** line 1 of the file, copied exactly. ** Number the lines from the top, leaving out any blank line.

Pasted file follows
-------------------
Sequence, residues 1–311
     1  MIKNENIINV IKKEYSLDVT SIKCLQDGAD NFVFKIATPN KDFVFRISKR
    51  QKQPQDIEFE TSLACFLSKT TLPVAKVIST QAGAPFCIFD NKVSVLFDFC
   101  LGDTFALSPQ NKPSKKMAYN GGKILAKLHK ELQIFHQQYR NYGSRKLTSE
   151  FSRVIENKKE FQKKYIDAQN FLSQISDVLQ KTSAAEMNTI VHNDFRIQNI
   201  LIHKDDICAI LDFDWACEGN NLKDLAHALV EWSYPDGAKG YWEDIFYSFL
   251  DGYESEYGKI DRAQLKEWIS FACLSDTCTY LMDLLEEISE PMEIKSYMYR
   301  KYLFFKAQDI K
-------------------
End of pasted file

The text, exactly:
Sequence, residues 1–311